APTA says the biggest savings are available to NYC residents
Looking to line your pockets with some extra cash? Perhaps it's time to give up driving. A sobering report from the American Public Transportation Association (APTA) says that people using public transit in the 20 cities with the most riders save an average of $848 dollars a month, or $10,181 a year. Riders in New York see the greatest benefit, saving an average of $15,041 from January to December.
Between the unfortunate saga of flight MH370 and the grand prix this weekend, Malaysia has been on our radar more than usual lately. And now the Southeast Asian country has popped up again, once more related to transportation issues, as Kuala Lumpur is working on a new subway system. Which isn't something we'd normally care about, but this subway just happens to have been designed by BMW.
BMW: Bus, Metro, Walk. That was the tongue-in-cheek acronym we used to refer to public transport back in Montreal where this blogger grew up, but it's San Francisco that's about to have its underground mass transit system overhauled by BMW.
Recently, the American Public Transportation Association (APTA) predicted that rising gasoline prices could lead to a savings of $14,376 for commuters in New York City who choose to switch from personal to public transportation. However, keeping that amount of coin in one's bank account may not be as simple as it first seems.
With gasoline prices soaring, commuters who rely upon public transportation can now save even more cash than before, according to the American Public Transportation Association (APTA). On March 8th, U.S. gas prices hit an average of $3.50 a gallon, but individuals who travel by bus or commuter rail don't need to worry about filling up their tanks.
Warsaw's metro system is going green in 2012. That's when the city will introduce new subway cars, dubbed the Siemens Inspiro, that will be 97.5 percent recyclable. Not only that, but the system will also be more energy efficient. The "weight optimized chassis" will be built out of aluminum, making these cars much lighter than the city's regular rail cars and reducing energy consumption.
In some place (New York City, we're thinking of you), taking public transportation is just the most sensible way to get around most of the time. In others (West Oklahoma, say) it can't even be considered. Still, if there is a bus or rail line near your home and work, taking advantage of it isn't just a deal for the environment, it's also way easy on your pocketbook.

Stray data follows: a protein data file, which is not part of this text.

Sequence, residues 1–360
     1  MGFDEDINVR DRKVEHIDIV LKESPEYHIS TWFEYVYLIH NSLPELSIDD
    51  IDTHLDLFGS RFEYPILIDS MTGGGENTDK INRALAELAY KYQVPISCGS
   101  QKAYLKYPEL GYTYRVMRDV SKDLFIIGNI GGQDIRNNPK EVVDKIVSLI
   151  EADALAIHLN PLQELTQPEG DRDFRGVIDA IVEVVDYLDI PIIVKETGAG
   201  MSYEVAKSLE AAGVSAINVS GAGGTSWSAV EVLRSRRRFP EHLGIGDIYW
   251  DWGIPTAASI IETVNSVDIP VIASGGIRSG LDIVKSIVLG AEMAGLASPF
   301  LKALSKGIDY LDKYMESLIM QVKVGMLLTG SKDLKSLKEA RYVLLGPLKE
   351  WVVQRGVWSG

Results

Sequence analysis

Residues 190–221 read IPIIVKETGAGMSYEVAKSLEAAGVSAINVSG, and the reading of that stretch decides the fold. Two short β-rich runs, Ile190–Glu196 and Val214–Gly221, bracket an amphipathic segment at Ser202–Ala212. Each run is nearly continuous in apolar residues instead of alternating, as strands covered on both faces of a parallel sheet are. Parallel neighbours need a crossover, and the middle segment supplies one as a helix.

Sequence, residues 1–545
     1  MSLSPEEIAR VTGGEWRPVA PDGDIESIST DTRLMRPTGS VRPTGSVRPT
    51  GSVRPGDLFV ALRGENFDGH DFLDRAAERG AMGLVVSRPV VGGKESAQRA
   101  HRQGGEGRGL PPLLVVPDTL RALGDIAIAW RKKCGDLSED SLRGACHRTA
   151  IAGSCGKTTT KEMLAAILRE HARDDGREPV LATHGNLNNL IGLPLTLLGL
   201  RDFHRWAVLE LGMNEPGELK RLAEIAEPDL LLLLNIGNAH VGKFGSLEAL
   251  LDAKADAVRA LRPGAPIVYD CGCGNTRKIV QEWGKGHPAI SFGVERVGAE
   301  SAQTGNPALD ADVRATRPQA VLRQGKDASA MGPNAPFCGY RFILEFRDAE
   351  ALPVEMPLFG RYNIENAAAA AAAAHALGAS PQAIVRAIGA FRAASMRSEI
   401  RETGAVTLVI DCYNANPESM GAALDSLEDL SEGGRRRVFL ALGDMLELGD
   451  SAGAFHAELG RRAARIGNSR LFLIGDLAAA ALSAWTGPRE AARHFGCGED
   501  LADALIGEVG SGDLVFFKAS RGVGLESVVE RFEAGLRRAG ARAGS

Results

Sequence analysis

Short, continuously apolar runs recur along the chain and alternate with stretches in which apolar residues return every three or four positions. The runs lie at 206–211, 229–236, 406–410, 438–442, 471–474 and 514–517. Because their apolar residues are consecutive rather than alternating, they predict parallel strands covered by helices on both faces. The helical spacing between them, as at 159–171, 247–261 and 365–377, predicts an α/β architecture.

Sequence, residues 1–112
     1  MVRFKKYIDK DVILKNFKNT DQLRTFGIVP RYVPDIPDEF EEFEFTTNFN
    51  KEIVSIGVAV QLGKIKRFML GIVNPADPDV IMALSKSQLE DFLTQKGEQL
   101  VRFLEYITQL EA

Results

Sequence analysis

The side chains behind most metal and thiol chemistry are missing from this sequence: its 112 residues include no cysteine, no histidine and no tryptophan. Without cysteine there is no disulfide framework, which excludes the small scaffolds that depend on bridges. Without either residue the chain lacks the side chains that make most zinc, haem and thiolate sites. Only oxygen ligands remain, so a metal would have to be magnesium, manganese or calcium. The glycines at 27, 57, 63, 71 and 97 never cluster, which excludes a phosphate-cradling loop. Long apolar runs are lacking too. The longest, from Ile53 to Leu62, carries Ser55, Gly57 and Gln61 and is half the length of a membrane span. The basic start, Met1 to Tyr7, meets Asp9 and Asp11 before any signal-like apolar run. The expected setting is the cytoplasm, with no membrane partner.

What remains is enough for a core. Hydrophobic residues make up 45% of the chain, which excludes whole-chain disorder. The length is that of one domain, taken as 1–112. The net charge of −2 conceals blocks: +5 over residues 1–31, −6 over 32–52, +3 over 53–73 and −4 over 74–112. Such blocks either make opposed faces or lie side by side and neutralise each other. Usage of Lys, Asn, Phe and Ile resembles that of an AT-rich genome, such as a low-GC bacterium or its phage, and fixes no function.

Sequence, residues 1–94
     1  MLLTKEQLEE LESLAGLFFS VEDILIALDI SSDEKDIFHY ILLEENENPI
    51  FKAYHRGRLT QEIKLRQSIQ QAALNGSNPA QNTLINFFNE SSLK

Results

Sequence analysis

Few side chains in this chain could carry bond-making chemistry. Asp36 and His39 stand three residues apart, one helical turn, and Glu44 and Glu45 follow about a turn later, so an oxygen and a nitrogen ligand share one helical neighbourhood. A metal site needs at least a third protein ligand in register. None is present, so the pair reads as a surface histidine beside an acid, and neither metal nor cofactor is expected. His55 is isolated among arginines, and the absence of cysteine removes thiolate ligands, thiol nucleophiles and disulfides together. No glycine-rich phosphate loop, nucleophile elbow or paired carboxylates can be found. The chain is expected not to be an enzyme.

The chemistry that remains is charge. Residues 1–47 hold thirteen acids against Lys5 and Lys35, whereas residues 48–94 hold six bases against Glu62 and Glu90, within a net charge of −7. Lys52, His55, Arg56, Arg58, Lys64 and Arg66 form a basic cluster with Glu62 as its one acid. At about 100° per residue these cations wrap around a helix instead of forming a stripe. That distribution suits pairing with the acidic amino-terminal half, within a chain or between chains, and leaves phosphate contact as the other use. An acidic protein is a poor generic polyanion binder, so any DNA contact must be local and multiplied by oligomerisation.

Bilbao, Spain, has a subway system that is famous for having its stations designed by Sir Norman Foster. There's now another reason that people might be interested in riding the underground rails. Metro de Bilbao, the company that manages the railway system, has announced that all the energy they used during 2008 was obtained from renewable sources and was supplied by Naturgas, a local utility. The company claims that the suburban train system has saved 46,000 metric tons of CO2 per year, about
The Sundance Channel's Big Ideas For A Small Planet is back. The eco-solutions show tidily takes on an issue - like, say Fuel or Drive in episodes from last year's season - and finds three "Big Ideas" to discuss in a half-hour. Sometimes, the episodes are paired with a longer documentary, such as with the series opening Crude Awakening.
The city of Monterrey, Mexico, will have its subway system, called Metrorrey, propelled with electricity obtained from biogas. Simeprode, the company that manages the city waste system, is finishing a 5.3 MW power plant that will produce electricity for the two subway lines. This plant will allow Monterrey not only to run its mass transit system with bioenergy but also to expand the subway networks in the near future. The remaining power will be used for public lightning. The technology was impo
As U.S. cities take a new look at mass transit services (anticipating increased demand following rising gas prices), transportation planners might want to take a look at a recent survey sponsored by U.K. insurer esure. The survey of U.K. drivers finds that gas prices would have to reach the equivalent of a stratospheric $13.48 per U.S. gallon before they'd consider switching to mass transit.